Economic crisis forces Bulgaria to smell the roses

Bulgaria is one of the largest suppliers of rose oil to the world's leading perfume makers.

roses 88 (photo credit: )
roses 88
(photo credit: )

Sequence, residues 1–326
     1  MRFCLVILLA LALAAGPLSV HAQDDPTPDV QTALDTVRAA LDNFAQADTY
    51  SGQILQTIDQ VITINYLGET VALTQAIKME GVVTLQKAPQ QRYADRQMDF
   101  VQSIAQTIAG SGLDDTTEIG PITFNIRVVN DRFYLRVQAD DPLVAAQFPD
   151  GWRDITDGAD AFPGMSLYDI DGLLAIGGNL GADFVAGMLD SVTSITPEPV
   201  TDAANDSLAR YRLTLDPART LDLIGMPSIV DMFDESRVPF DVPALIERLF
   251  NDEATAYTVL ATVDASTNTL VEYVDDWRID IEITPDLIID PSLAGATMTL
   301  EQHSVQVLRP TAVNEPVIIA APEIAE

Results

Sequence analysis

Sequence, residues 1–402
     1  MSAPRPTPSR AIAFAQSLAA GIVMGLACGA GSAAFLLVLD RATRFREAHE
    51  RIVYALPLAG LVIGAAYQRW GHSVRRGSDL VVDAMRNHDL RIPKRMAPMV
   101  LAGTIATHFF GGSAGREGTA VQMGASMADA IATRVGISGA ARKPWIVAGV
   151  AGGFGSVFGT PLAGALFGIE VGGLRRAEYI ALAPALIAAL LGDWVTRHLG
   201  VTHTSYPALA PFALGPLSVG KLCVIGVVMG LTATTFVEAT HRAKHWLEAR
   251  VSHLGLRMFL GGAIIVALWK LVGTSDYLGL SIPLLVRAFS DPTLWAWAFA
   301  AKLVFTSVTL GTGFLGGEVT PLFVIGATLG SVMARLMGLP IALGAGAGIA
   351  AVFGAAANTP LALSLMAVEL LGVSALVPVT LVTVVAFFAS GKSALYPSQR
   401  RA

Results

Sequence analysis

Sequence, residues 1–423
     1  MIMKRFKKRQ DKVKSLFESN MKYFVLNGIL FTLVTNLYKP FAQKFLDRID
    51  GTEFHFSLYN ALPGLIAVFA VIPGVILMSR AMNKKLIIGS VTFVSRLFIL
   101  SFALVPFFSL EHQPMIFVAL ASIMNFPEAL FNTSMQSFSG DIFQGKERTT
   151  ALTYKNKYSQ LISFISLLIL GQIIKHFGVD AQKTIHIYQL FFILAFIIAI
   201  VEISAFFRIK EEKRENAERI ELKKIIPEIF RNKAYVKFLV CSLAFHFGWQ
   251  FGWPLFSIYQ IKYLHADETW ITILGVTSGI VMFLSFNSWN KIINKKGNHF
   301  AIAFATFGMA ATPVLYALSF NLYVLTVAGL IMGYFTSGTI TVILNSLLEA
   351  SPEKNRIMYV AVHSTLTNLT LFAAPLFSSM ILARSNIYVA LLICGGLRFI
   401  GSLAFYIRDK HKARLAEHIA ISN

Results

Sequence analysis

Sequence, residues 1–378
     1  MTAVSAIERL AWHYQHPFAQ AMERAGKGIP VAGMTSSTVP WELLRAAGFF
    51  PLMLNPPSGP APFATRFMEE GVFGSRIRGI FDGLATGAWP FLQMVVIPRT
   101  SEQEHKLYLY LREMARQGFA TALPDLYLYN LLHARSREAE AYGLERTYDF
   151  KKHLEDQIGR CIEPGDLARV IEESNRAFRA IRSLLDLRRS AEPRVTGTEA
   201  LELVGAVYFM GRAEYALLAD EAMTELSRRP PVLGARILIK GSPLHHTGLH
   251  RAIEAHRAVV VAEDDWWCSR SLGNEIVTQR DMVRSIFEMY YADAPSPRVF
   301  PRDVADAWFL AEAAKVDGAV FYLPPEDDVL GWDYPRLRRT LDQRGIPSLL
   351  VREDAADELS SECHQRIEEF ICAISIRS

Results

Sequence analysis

In a field outside this quiet village, Rumen Rumenov tosses a huge plastic bag filled with pink rose blossoms over his shoulder and loads it on a horse cart. It's not work he's used to. For decades, Rumenov spent his days putting together AK-47 rifles in an arms factory - once one of Bulgaria's largest industries. But times are hard and the global financial downturn left him jobless. Like hundreds of his colleagues, he now spends his days picking flowers for the country's lucrative rose oil production. EU newcomer Bulgaria is one of the largest suppliers of rose oil to the world's leading perfume makers. The precious substance, extracted by distillation from tons of rose petals that have been cultivated in a verdant valley in central Bulgaria for centuries, is also used in creams, soaps and other cosmetics. In a setback in the 1990s following the transition to a market economy, many rose plantations were neglected or uprooted and production shrank significantly. It dropped from some 80 percent of the world's rose oil output during communist times to less than 30% in 1990. European Union funds and foreign investors have led to a revival of this traditional industry in the last decade. Of the 3,600 hectares (8,895 acres) planted with oil-bearing rose in Bulgaria, 2,500 hectares (6,177 acres) were planted after 2001. The plantations are located in the aptly named Rose Valley, an area squeezed between the Balkan Range to the north and the Sredna Gora Mountain to the south. The valley, which is about 128 kilometers long and about 48 km. wide, is also home to most of the country's arms factories. While part of the former Soviet bloc, Bulgaria developed a respected arms industry known for its small arms, assault rifles, antitank and antiaircraft rockets and artillery systems. At its height, arms trading earned the country $800 million a year and employed 100,000 people. But since the end of the Cold War in 1989, the defense industry has largely been idle, piling up debts as it lost its traditional markets in the former Soviet bloc and the Middle East. The Balkan country, which joined NATO in 2004, is trying to rebuild the sidelined arms industry by making weapons suitable for use by NATO, but orders are far from communist-era production levels. The global financial crisis is making matters worse, and arms factory workers left jobless by the production cuts are lining up for jobs as rose-petal pickers at the beginning of this year's harvest. The crisis has driven 61-year old Rumenov into the rose fields along with most of Rosovo's 1,800 residents. A few months ago, he still had a job at the Arsenal arms factory in Kazanlak, where for more than 30 years he was assembling rifles. Now, he has switched to a more tender approach, carefully picking the pink blossoms of roses that glisten with dew in the morning. "It's not the kind of work I am used to do, but you have at least a job," he says, adding that the €10 ($15) he earns a day for 30 kilograms of rose petals were an important contribution to his family budget. Bulgaria's rose oil production now provides a livelihood - at least seasonally - to some 40,000 people. While there are more than 5,000 varieties of roses, only a few have the fragrance prized by perfumers. The Bulgarian oil-bearing rose, or Rosa damascena, has 30 petals and is the richest in essential oil. It has been cultivated in this area in central Bulgaria for more than 300 years. "It takes approximately 4,000 kilograms of rose petals to produce one kilogram of pure rose oil," said Nedko Nedkov, director of the Institute of the Rose in Kazanlak, the center of Bulgaria's Rose Valley. Every morning from the end of May to mid-June, thousands of pickers work the fields when dawn breaks. Rose petals are ideally picked when the dew protects their perfume from evaporation; they must be processed through steam distillation within 24 hours to yield the best quality and quantity of oil. "Our rose oil, which is at the heart of fragrances in brands such as Chanel and Givenchy, is considered by many to be the best in the world and costs as much as €5,000 ($7,100) per kilogram," Nedkov said. Bulgaria is now one of the world's leading exporters of rose oil, producing more than half of the world's output. The biggest buyers are France, the United States, Germany and Japan. There are no exact figures for how much the rose industry is worth, since many private distilleries refuse to announce the exact price of the rose oil they are exporting, saying it is a trade secret. After last year's record production that exceeded three tons of rose oil, Nedkov complained that this year's production would likely drop - not due to the economic crisis, but rather because of the hot and dry weather at the start of the season. The Bulgarian branch of French company Biolandes, a leading producer of natural extracts for the perfumery industry, was set up in 1996 to become part of the industry's renewal. "We have planted a total of 250 acres of roses and are employing a workforce of 1,000 in the peak season for rose-picking," said Vesela Terzieva, manager of the branch based in the eastern village of Zimnitsa. As she presents the distilling facilities in the fully renovated old factory, trucks loaded with rose petals drive in. Biolandes exports 250 kg. of oil a year, making it one of Bulgaria's top rose oil exporters. "The economic crisis is not affecting us directly. On the contrary, we have now enough labor force," Terzieva said. "What worries us is the climate change that makes the weather unpredictable."